The 0-100km dash takes just 5.1 seconds, quick by any standard. The optional quattro sports differential is a must for those who really want to corner like a madman. But aside from the obvious heroics the S5 can perform over and above the rest of the range, it’s still just a smooth riding and comfortable car to get around in. The ride right across the range is compliant, well sorted and never, ever jarring.
Again, the class-leading 12.3-inch Audi Virtual Cockpit is standard. The instrument cluster is a dazzling display of Google Mapping, customisable readouts and access to reams of information usually reserved for a centrally mounted display. The MMI controller navigates a tablet-style screen removing the need for distracting touchscreen inputs.
Also standard is Apple CarPlay and DAB+ radio. The interior layout is the same as the coupé and Sportsback, which is certainly not a bad thing. The safety tech on many cars these days is becoming a long and exhaustive list, put simply if you have a prang you’ve seriously stuffed up, or someone’s hit you.
But some real must haves include Audi’s Autonomous Emergency Breaking (AEB) up to 80km/h with pedestrian detection, Exit Warning that visually and acoustically warns you of say an approaching cyclist when opening a door. Multicollection brake prevents follow-on collisions after the shock of an initial impact. Plus being a soft-top it’s important to have a Rollover protection system that deploys two rollover bars from the rear headrests should you tip over.
Depending on how you look at it, pricing is down on the previous model but up when compared to the coupe and Sportsback variants. Before optimal packages here’s the pricing before on roads:
- A5 Cabriolet 2.0 TFSI S tronic 140kW $83,400
- A5 Cabriolet 2.0 TFSI quattro S tronic 185kW $95,000
- S5 Sportback 3.0 TFSI quattro Tiptronic 260kW $119,111
Audi group many of its options together into packages. S Line Style packages start from $2,500 and add bigger wheels, S Line badges and heated seats. S Line Sport Packages begin at $5,900 and add things like Nappa leather, stainless steel pedals and matte brushed aluminium inlays.
For the tech heads, the $5,600 Tecknik package includes a head up display, the world-beating Matrix LED headlights and superb Bang & Olufsen 3D sound system. Finally, for access to some of the higher end safety gear a $2,470 Assistance package includes extras such as automatic cruise control with stop and go traffic jam assist, lane assist, Audi pre-sense front, collision prevention with turn assist, distance warning and high beam assist.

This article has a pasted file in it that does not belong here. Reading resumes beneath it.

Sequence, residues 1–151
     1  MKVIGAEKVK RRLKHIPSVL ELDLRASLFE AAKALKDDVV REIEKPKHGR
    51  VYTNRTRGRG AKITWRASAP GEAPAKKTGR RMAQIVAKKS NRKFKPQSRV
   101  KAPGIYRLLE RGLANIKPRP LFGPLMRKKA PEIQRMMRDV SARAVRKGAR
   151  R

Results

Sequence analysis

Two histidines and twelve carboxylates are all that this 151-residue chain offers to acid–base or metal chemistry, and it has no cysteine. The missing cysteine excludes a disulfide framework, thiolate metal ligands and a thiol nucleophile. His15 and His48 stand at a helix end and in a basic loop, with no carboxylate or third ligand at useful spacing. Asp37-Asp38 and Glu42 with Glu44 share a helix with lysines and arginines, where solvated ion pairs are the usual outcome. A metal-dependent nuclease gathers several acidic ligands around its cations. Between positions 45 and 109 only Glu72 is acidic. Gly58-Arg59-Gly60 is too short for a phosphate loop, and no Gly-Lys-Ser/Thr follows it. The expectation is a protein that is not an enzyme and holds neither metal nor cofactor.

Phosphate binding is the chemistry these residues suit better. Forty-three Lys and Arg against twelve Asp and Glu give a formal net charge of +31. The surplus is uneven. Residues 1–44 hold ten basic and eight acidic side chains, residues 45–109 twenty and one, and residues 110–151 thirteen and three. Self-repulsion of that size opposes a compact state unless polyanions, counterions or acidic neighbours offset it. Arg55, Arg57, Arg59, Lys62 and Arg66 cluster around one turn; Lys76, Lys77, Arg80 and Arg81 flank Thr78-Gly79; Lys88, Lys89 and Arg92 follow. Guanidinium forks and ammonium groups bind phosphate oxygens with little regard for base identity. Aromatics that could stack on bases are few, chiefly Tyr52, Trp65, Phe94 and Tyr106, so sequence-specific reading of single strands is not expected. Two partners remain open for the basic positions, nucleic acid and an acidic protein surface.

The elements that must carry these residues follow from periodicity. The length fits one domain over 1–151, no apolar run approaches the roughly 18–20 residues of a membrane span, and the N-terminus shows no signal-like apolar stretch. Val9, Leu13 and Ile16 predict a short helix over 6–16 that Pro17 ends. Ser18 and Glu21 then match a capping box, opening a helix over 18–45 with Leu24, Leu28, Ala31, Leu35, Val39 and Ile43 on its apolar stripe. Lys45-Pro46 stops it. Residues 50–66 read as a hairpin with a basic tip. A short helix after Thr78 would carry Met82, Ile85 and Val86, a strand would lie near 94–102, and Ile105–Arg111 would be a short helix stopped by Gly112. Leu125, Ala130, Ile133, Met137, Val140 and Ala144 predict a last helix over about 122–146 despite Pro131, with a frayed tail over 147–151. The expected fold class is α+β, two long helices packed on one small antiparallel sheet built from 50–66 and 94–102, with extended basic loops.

As tested, the cars I drove ranged from $88,721 for the base TFSI S tronic sport that included the Assistance package, a hefty $1,846 for grey metallic paint, $455 for a wireless smartphone charger and $550 for 18-inch 5 spoke alloy wheels. The TFSI quattro S tronic sport hit $106,815 due to the Assistance package, a $1,235 parking assistance package that includes tech such as a 360-degree camera, the $2,500 S line sport package and $2,210 for the adaptive suspension.
Rounding out the drive program was the S5 that skyrocketed to $129,952 due to red metallic paint, the $5,600 Tecknik package, wireless phone charger and $2,950 quattro sport differential.
EFTM Rubber Stamp of Approval
It’s been a big year for the A5 range and we can’t wait for the crazy RS5 to arrive before Christmas. Audi expects the Cabriolet model to account for 10 per cent of sales in the range with about a 50:50 male, female split. Put simply if you’re into convertibles the Cabriolet is just a good a drive as the Coupe, if you can justify the extra spend. I award the Audi A5 Cabriolet the EFTM Distinction Rubber Stamp of Approval.
Chris is EFTM’s Motoring Editor, driving everything from your entry level hatch to the latest Luxury cars through to the Rolls Royce.
He has been in the media for 20 years, produced three Olympic games broadcasts, attending Beijing 2008 & London 2012.
Strangely he owns a Toyota Camry Hybrid, he defiantly rejects the knockers.
Chris is married to Gillian and resides in Sydney’s North West. They have Sam the English Springer Spaniel and Felix the Burmese cat to keep them company, and recently welcomed baby Henry to the family.